On Saturday evening last, a number of the farmers, neighbours, and friends of MR. JOHN DIXON, of the above farm, met at his house, for the purpose of presenting a purse of money raised by subscription in the neighbourhood for his indefatigable labours among them as a self taught, veterinary surgeon and cow doctor.
For many years, JOHN has travelled miles both day and night in all weathers with a single eye and disinterested motive to alleviate the sufferings and remove diseases to which cattle are subject, and his skill generally proved equal to his kindness and readiness to attend, under all circumstances when called.
Nor is he one of those paltry quacks who make up large bottles filled with nostrums of no value just for the purpose of making a good bill, and then to send it in 25s for "Kuring your Kow till she died".
But on the contrary, we never heard that he made any charge even when he had restored by his prescriptions, not one or two, but several valuable cattle to their wonted health and vigour when given up as incurable by noted practitioners in the district.
He is one of those who does not treat the symptoms, but with strong and efficient medicines strike at the root of the disease, and seldom leaves his post until he finds his medicines work effectually.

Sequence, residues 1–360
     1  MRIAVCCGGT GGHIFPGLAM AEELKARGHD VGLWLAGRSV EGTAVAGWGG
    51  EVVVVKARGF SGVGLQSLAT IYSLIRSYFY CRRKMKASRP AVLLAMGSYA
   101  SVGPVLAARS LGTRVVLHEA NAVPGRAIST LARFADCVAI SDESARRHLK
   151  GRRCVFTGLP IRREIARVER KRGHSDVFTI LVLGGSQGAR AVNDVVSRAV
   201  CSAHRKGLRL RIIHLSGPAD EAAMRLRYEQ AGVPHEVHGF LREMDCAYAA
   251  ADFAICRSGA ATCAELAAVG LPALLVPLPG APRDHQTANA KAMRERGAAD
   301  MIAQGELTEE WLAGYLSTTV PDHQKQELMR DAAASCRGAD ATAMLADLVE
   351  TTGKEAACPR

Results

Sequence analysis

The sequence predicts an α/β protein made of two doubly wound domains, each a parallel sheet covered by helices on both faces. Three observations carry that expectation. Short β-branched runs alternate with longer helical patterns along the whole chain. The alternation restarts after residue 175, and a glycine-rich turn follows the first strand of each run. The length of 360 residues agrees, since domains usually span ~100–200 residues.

Hence the secret of his success, and his popularity in the district.
With a view to give honor and reward to whom honor and reward was due, a subscription was set on foot and MR. C. BARNETT, Salterwath, and MR. THOMAS WHITFIELD, Bracken Hill, very soon collected over twenty pounds for the very laudable object of making the "Worthy Doctor" a present.
The tea and cake by which the party were regaled was prepared by MRS. DIXON, who as a pastry cook will be seldom equalled and as seldom excelled, and as an agreeable hostess, was admired and praised by all.
After the cloth was removed, the table was replenished by several kinds of spirits, and MR. WM. ATKINSON, of Gaisgill, presented the purse in an agreeable and praiseworthy speech, handing over to MR. DIXON the handsome and well-deserved sum of £20 5s 6d.
MR. DIXON then rose and in a long and eloquent address returned thanks for the exertions made on his behalf and expressed his willingness at all times to serve them in future according to the best of his ability.
The health of MR. and MRS. DIXON were cordially drunk and short addresses were also given by MR. BARNETT, of Salterwath, MR. BOWMAN, of Fawcett Mill, and MR. WHITFIELD, of Bracken Hill.
After which many a crack and many a joke passed round, about things past, present, and to come, and other pleasantries helped to wile an agreeable evening away. The party broke up at a late hour in the night, all highly pleased with the evening's entertainment.